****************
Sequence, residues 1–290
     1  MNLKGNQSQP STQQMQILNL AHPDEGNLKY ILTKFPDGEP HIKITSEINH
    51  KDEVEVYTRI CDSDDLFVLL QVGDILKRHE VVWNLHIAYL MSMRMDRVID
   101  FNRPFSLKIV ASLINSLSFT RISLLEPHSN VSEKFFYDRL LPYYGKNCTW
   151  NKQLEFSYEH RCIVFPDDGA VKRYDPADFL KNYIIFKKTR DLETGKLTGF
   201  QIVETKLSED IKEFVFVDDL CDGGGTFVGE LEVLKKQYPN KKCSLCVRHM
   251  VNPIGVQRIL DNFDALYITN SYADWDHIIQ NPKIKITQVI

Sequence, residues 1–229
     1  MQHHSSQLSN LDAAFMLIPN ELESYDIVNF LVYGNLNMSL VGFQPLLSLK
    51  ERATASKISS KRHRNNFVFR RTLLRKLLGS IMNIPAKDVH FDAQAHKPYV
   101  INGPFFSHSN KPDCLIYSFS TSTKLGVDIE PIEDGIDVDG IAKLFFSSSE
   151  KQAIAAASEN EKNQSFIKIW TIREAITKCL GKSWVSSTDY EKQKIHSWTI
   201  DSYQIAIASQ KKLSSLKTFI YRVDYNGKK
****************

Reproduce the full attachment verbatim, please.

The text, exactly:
Sequence, residues 1–290
     1  MNLKGNQSQP STQQMQILNL AHPDEGNLKY ILTKFPDGEP HIKITSEINH
    51  KDEVEVYTRI CDSDDLFVLL QVGDILKRHE VVWNLHIAYL MSMRMDRVID
   101  FNRPFSLKIV ASLINSLSFT RISLLEPHSN VSEKFFYDRL LPYYGKNCTW
   151  NKQLEFSYEH RCIVFPDDGA VKRYDPADFL KNYIIFKKTR DLETGKLTGF
   201  QIVETKLSED IKEFVFVDDL CDGGGTFVGE LEVLKKQYPN KKCSLCVRHM
   251  VNPIGVQRIL DNFDALYITN SYADWDHIIQ NPKIKITQVI

Sequence, residues 1–229
     1  MQHHSSQLSN LDAAFMLIPN ELESYDIVNF LVYGNLNMSL VGFQPLLSLK
    51  ERATASKISS KRHRNNFVFR RTLLRKLLGS IMNIPAKDVH FDAQAHKPYV
   101  INGPFFSHSN KPDCLIYSFS TSTKLGVDIE PIEDGIDVDG IAKLFFSSSE
   151  KQAIAAASEN EKNQSFIKIW TIREAITKCL GKSWVSSTDY EKQKIHSWTI
   201  DSYQIAIASQ KKLSSLKTFI YRVDYNGKK